They are situated on one side of St George's Chapel in Windsor Castle

The reason for the two Spanish banners in the chapel where Elizabeth II was buried

This Monday, the British Queen Elizabeth II, who died on September 8, has been buried in the beautiful St. George's Chapel of the impressive Windsor Castle.

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The broadcast of the funeral ceremony broadcast by the BBC has shown some formidable images of the interior of this Chapel, belonging to the Anglican Church. Among these images, Spanish viewers will have seen something very familiar to them. You can see it in the following video of the ceremony, at minute 3:37 (I have inserted the video so that it starts at that point ):

It is possible that even watching the video some have ignored the detail. I mark it here with a red circle:

Let's see it enlarged:

What we see are two banners with the National Coat of Arms of Spain. Someone might think that these are trophies of war obtained in one of the many confrontations that Spain and the United Kingdom have had in the past, but this is the current Coat of Arms of Spain, with the arms of Castilla, León, Navarra, Aragón and Granada, and the small coat of arms with the fleurs-de-lis that represents the Spanish Royal Family. In this photo of WPA Pool we can see both banners with a little more detail:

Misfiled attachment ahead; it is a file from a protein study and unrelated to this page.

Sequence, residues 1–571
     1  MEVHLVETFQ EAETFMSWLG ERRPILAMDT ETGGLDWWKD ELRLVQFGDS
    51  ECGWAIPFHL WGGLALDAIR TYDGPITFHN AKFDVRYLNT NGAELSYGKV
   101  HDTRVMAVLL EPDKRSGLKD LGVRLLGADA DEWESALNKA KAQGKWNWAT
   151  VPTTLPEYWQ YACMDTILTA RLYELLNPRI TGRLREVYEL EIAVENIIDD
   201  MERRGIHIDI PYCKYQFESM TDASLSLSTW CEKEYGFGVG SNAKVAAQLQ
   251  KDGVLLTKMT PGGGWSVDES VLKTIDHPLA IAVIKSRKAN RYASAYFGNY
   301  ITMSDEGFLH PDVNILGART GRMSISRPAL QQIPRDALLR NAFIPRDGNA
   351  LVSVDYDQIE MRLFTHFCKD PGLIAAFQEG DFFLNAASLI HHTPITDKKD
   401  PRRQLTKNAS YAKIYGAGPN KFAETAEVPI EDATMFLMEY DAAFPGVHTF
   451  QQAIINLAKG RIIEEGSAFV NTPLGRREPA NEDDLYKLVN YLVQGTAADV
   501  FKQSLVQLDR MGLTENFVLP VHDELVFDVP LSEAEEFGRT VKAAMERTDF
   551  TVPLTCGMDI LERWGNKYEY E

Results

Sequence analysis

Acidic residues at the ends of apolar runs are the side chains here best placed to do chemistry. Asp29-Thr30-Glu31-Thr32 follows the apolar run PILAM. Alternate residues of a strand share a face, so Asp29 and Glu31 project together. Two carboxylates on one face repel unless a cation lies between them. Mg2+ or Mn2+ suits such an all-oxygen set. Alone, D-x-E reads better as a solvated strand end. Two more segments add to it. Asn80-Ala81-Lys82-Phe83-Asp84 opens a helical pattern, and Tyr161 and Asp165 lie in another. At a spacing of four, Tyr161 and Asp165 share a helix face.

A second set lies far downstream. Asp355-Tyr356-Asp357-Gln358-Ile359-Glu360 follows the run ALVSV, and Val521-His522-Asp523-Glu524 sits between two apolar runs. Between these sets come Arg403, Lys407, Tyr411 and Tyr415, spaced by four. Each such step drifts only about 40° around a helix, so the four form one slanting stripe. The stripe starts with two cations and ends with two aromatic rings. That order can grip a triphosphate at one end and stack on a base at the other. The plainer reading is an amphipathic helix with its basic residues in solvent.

As you can see, they have different designs. The castle is represented differently in both, as are the chains of Navarra. Likewise, the lion of the banner that is in the foreground is purple, while the one further back has the lion in a dark violet color (a common confusion in Spanish heraldry). St. George's Chapel is the burial place of the British Monarchs, so why are those two Spanish banners there?

The reason for their presence is easy to explain. This temple is the Chapel of the Order of the Garter, the most important and oldest of the orders of chivalry in the United Kingdom. Its grand master is the British monarch (until a few days ago it was Elizabeth II, and now it is the new King Charles III). It is a very exclusive and select order, as it only admits 26 members: the British monarch, his successor (the Prince of Wales) and 24 other people. In addition, the order also includes some supernumerary members, including members of the British Royal House and monarchs from other countries. Each of the banners in the chapel represents a member of that order.

King Juan Carlos I of Spain was appointed a member of this order in 1988, which is why a banner with the National Coat of Arms of Spain was added. Likewise, the current King of Spain, Felipe VI, was appointed a member of the order in 2017. The Emperor of Japan and the monarchs of Denmark, Norway, the Netherlands and Sweden are also members of the order. Between the two Spanish banners is the banner with the Coat of Arms of Norway (for King Harald V), and on both sides are the banners with the Coat of Arms of the Emperor of Japan, Akihito, and with the Coat of Arms of the Dutch Royal House, for King Willem-Alexander.

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